The story centers on a young couple, Jeff and Sam (played by Neil Patrick Harris and Bonnie Somerville) who, after inheriting some money courtesy of a dead aunt, relocate their family to upstate New York. It's when the two middle-class parents take on the task of getting their daughter into an elite private kindergarten that things get deliciously wacky. For Sam, breaking through the stonewall of fake smiles and gag-inducing pretentiousness becomes symbolic of her last shot to have her family move up in the world, and the ridiculous lies she must sustain to blend in with the yuppies propel the comedy forward.

Here's the thing: while The Best and the Brightest may not be the perfect film, it's got the perfect measures of all the great comedy ingredients. It's not a one note joke -- it seems that, too often, comedies take one simple idea (drinking, doing drugs, don't have sex with your friends) and stretch it out for two to two and a half insufferable hours. This film actually has a story, and kudos to first time feature film director (and co-writer) Josh Shelov for crafting comedic scenarios which flow naturally from the drama of the story rather than just having the characters sit around talking about how funny they are. The jokes don't need explaining -- probably because they're funny to begin with.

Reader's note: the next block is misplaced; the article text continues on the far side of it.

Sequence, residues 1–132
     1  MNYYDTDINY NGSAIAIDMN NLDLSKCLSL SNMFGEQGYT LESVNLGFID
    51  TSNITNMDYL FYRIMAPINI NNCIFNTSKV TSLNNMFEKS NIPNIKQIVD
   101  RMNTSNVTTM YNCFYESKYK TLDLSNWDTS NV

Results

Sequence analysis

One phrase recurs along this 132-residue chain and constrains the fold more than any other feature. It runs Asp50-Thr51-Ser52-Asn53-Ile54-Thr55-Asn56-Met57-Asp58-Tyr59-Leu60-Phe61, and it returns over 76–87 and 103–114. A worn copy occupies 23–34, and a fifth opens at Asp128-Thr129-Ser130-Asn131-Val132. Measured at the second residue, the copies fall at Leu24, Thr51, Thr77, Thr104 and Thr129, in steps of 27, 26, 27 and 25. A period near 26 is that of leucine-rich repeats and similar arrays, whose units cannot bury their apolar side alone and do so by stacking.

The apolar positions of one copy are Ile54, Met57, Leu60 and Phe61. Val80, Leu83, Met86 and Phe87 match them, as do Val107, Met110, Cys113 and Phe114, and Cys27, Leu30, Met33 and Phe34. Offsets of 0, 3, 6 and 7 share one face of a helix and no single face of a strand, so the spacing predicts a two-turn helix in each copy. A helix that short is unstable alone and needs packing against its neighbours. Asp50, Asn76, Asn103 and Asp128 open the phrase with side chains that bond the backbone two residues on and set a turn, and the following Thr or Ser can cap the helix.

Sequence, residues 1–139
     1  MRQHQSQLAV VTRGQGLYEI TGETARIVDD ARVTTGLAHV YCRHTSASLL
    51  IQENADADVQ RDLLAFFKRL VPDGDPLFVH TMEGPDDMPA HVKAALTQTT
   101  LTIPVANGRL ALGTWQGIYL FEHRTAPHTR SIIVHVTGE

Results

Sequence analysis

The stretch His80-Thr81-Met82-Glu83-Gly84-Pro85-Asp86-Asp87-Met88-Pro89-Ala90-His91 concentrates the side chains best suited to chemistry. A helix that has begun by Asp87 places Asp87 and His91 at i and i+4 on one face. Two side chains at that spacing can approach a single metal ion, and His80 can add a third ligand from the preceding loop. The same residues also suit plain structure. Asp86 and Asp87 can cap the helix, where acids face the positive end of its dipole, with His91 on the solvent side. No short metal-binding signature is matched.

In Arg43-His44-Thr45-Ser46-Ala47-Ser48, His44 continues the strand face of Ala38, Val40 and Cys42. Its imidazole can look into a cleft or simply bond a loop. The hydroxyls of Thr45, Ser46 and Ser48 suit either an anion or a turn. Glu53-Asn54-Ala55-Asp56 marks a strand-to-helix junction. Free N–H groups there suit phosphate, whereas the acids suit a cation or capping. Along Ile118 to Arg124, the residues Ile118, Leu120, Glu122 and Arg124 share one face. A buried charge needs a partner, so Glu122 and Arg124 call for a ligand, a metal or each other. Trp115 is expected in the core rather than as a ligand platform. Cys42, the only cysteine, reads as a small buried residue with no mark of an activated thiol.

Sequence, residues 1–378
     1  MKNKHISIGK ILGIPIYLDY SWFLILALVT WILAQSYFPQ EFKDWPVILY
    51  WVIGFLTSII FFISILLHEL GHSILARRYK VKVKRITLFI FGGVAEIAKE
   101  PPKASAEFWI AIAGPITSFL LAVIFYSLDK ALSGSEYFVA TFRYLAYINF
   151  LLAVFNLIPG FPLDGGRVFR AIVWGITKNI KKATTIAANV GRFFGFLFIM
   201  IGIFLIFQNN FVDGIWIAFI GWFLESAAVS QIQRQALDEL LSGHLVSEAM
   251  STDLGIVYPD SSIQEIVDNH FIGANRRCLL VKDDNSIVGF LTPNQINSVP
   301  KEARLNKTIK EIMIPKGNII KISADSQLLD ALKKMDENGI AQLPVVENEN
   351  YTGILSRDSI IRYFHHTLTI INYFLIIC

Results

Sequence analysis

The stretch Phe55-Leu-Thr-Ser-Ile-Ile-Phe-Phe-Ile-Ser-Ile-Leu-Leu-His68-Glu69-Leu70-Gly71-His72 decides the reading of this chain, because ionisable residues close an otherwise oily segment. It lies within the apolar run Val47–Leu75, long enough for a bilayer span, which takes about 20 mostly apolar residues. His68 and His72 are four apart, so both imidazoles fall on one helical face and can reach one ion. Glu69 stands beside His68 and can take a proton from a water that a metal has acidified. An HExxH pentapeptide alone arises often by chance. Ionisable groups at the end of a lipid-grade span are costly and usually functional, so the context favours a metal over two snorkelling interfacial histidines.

The acting from everyone involved is solid and appropriate for this type of film (there's no third act lull where everyone cries for twenty minutes on the off chance they might snag an Oscar nod). Neil Patrick Harris is essentially the straight man here, but without aloofness or condescension, rather with willingness to support his wife even while reacting to the madness of situations that require him to read his friend's filthy, borderline dehumanizing online sex chats at a school board meeting and pass it off as part of his newest poetry anthology.

Bonnie Somerville does the impossible, makes us care about the former high school cheer-leading captain, who is still very much in the process of falling more deeply in love with her nerdy husband. Watching her suddenly break from her sweet, mom-like demeanor to drop f-bombs on anyone who threatens her family's security was a source of much amusement. And her interactions with the fast-talking school system consultant Sue Lemon (played with goofy zeal by Amy Sedaris) make for some very quotable lines.